Brian Caldwell is a Senior Software Engineer who joined X-Team a few months ago. Originally from the US, Brian now lives the remote developer life in Seoul, South Korea. In this interview, we talk about his move to South Korea, what life is like there, and whether he'd ever move someplace else.

Where did you live before South Korea? Why did you move?

I am originally from the Space Coast area of Florida in the USA. I also lived and worked in Washington State and North Carolina. I moved to South Korea as a developer to be closer to my wife’s family.

Had you traveled much before you made the big jump?

South Korea was my first international travel. Before that, I had only been to a few other states like North Carolina every year in autumn, Minnesota, Maryland, and Washington D.C. to visit family before that.

Must've been quite the adjustment.

Yeah, that was quite the first trip, twenty-hour flight, arrived Sunday evening and started at my job Monday morning. Thankfully, flying east to west doesn't give much jetlag.

But now you've settled in nicely. What are three things you love about life in South Korea?

  1. The food is excellent. I love spicy food and trying out new cuisines. There is plenty of both here.
  2. The mountains are beautiful, abundant, and very accessible.
  3. Socialized healthcare and public transportation. Both are high-quality and affordable.
Brian sitting on a rock high up with the South Korean flag behind him
Near the Yeonjudae peak

What's Seoul like? Is it highly technological?

Seoul is incredibly technological! The homeland of Samsung, LG, and Hyundai, so there are high-tech gadgets around every corner. There is also high-speed internet in just about every corner of the country, and it is incredibly clean, safe, and friendly to live in. Another good part is that it's a ten-minute walk from downtown Gangnam to a Buddhist temple hiking a wonderful mountain trail.

What are some must-visit places in Seoul?

The obvious ones are the main palace, Gyeongbokgung, the Han River park for a nice afternoon with Korean fried chicken and beer (치맥), and Namsan Tower which you can take a bus to or hike up yourself. There is also Changdeokgung, an amazing palace with a beautiful garden that is fantastic to walk through in the fall or spring.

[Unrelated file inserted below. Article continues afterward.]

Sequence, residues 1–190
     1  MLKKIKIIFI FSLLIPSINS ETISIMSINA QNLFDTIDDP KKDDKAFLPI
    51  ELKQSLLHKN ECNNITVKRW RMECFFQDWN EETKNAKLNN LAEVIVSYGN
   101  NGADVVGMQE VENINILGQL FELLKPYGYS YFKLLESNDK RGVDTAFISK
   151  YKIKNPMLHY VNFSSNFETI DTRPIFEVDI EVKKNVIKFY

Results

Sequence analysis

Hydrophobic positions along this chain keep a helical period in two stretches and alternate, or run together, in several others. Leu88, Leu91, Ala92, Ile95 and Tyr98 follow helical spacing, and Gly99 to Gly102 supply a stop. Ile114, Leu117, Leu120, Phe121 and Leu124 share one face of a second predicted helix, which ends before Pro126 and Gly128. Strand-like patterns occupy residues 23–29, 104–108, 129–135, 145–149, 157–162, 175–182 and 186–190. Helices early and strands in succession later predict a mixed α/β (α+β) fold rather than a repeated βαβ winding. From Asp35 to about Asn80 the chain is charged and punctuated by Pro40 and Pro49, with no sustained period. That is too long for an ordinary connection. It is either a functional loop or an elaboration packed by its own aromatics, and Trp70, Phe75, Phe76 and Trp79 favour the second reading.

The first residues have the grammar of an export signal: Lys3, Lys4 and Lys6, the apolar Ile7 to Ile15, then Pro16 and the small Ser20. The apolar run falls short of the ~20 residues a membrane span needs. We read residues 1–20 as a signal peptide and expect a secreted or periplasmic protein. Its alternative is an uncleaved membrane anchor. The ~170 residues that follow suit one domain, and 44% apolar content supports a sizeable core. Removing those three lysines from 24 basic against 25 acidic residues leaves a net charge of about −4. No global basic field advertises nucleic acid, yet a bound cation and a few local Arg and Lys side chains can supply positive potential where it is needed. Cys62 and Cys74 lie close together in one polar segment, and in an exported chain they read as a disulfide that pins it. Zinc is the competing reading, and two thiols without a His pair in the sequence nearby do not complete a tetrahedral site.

Sounds very appealing. What about the language? Do you speak Korean?

한국어 잘 못해요. I speak a little. I would rank myself at the level of maybe a very large dog 😀. I can get around and do some basics, like ordering food, asking for directions, and greetings. But, for the most part, I depend on my wife to handle the administrative parts of our lives.

It is hard to find the time to study a language when your main job is so mentally taxing. In addition, Korean is quite hard to learn for an English speaker. Where it would take a native English speaker about six months of full-time study to learn Spanish, it takes around two years of full-time study to achieve the same level of Korean.

However, I plan to improve my Korean significantly now that X-Team has given me the time, energy, and resources to devote to studying more!

And have you been to the DMZ?

I have! It was way back in late 2013. I went on the USO tour that took us right to the border buildings in Panmunjeom. The soldiers were incredibly stoic and intense looking. Sadly, it was a very smoggy day so we couldn’t see much, but it was a really fun tour. I bought a bunch of North Korean brandy and some old money.

Would you ever move back to the US?

Not a chance. The safety and affordability are far better in South Korea. I had a reverse culture shock when I came back to the USA the first time after living here for a couple of years. People walk around with their shoes indoors (a no-no in South Korea), wear very casual or ill-fitting clothes (fashion is huge in Seoul), and I received a very large medical bill when I was in the US, which was a big impetus to return to Korea. The only place I would consider moving to is New Zealand, since it has just absolutely fantastic natural scenery.

What about work? I assume you're working with a Western client. How do you manage the timezone difference?

Technically Western, but Southern! I am working for a company in Australia so the timezone lines up perfectly; they are just one hour ahead of me. However, I do have timezone differences when I talk with family back home, but that is a roughly twelve hour difference so I talk with my mornings their evenings. It isn’t too bad.

Do you want to join a company that allows you to live life wherever you want around the world? You can! X-Team is always looking for experienced developers. Send through your application today.